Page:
I had a moral dilemma last week of a kind that's probably fairly unique to me. I had a fella from Young Life, a Christian-youth organization, send me a message on Facebook. Apparently, he knew of me from some former students of mine, and he wanted to talk to me a bit about my school. The guy seemed nice enough, and I'm fairly certain that it wasn't some sort of insidious plot to sell Amway to me. However, I had a bit of a problem with this.
Allow me to tell another story to give a bit of perspective on how I feel. I recently had a conversation with a former student. She was telling me about how she was involved in a church group (it may very well have been Young Life - perhaps if she's reading this, as I know that she has in the past, she'll comment). I teased her a little bit, as when she was a freshman she had written some things that were rather critical of theism. When I was done giving her a hard time though, I told her that it was a good thing for her to expose herself to that sort of a thing, as she told me that she's pretty up in the air regarding her spiritual beliefs. I wasn't just saying that to cover my ass - I really believe it. I went to some religious services of friends of mine when I was a teenager, and it certainly didn't hurt me. Personally, I think that it's a bad thing to close yourself off from the world - especially at that age.
With that said, my problem with meeting up with this guy is that while I don't necessarily want to work AGAINST Young Life, or most any other faith group, (I think I would work against a Taliban group) I don't exactly want to help it either. First of all, it would seem somewhat hypocritical of me, being such an outspoken atheist and all. Secondly, I really don't want to encourage the spread of Christianity - or any religion, for that matter.
I emailed my friends about it and mainly got advice that confirmed my initial reactions to the offer. One friend though, who just happens to be a Christian, said that he wouldn't see anything wrong with helping a group so long as they don't bring any "harm". I can see his point, as we're not exactly talking about Al Quaeda, Operation Rescue, or even the Scientologists here.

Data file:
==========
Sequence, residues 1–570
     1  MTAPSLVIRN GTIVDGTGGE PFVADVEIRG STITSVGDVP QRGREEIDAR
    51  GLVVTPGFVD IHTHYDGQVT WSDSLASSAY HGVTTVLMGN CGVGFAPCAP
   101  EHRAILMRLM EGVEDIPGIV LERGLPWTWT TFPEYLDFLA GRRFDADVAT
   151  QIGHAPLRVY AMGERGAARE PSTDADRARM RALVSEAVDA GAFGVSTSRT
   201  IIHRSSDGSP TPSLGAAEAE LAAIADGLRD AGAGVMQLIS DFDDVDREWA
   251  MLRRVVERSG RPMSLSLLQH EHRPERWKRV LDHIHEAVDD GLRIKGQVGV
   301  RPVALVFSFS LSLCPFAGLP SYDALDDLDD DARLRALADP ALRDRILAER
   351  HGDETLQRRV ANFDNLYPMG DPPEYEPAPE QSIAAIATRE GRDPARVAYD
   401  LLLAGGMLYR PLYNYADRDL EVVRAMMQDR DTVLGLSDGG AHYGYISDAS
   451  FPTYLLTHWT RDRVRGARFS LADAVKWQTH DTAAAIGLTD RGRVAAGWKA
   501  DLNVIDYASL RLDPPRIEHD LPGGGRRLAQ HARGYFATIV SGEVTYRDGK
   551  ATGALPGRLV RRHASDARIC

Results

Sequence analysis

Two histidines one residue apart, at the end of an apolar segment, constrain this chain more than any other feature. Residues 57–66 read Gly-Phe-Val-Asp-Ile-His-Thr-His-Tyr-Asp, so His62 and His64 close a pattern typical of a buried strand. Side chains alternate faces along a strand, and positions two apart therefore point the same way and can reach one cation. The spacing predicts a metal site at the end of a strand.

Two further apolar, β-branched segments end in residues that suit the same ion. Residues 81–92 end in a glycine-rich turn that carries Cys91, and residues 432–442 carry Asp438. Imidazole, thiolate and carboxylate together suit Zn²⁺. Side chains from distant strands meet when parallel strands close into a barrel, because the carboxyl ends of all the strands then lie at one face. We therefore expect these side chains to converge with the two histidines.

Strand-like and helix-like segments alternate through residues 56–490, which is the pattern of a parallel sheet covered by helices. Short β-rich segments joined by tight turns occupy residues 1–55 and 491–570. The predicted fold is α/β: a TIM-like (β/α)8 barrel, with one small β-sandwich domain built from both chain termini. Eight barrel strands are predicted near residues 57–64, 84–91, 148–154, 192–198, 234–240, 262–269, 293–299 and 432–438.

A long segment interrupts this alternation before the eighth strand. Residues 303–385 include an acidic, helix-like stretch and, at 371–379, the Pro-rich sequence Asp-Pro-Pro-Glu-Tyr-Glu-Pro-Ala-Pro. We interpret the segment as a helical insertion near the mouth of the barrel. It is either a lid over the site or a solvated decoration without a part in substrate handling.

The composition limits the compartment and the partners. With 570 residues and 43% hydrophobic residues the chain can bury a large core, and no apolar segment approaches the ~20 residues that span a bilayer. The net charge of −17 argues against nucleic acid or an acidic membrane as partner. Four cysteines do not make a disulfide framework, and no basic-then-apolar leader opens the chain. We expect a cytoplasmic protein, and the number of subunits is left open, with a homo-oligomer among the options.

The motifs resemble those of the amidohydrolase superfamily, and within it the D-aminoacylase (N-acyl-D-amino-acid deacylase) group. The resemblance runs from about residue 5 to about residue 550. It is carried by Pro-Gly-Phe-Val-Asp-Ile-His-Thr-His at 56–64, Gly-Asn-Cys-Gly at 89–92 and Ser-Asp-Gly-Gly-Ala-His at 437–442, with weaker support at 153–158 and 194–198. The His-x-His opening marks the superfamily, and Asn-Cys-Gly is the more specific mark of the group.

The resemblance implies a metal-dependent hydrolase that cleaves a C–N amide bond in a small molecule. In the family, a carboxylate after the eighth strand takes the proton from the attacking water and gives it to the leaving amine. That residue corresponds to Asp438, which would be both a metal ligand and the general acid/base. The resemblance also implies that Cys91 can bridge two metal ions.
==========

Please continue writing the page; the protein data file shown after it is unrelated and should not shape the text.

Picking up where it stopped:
But here's the thing - I do think that Christianity brings harm. Oh, sure, it can be a force for good, but keep in mind that even the Nation of Islam works to get drug abusers clean and sober. Personally, I don't think that it's worth the price. I genuinely believe that this world would be in a better place if we moved away from magical-based thinking (a term that I'm sure most Christians would reject - but that's just what it is. What else would you call rising from the dead but a form of magic?) Yeah, sure, most of the time it's harmless, but people make decisions that affect the real world (on important issues like the death penalty, abortion, stem cell research, science education, etcetera) based on something that an unknowable magical creature supposedly wants.
I also think that the basic Christian teaching, the idea that somebody else can die for YOUR sins, isn't really a good thing. It removes personal responsibility from the equation. I also think that the idea that we're being punished for something that somebody else did a long time ago is another morally reprehensible idea. And I've written again and again, any god that watches a child getting raped her whole life, and does nothing to stop it, is callous and evil. (That just being one example - and I know the counterargument to that, and it doesn't wash. The "free will" thing doesn't apply, as she had no free will.)
I realize that there are some people out there who will twist this around and think that I should lighten up. I realize that there are billions of decent people of faith out there in this world. I also don't want people to think that I want to see people forced to drop their beliefs. Forcing people to think a certain way is counterproductive. In all honesty, I wish that people could just come to dropping their supernatural beliefs on their own.
And the bottom line is that I'd hate to think that I was responsible for somebody coming to religious belief - even in an indirect sort of a way.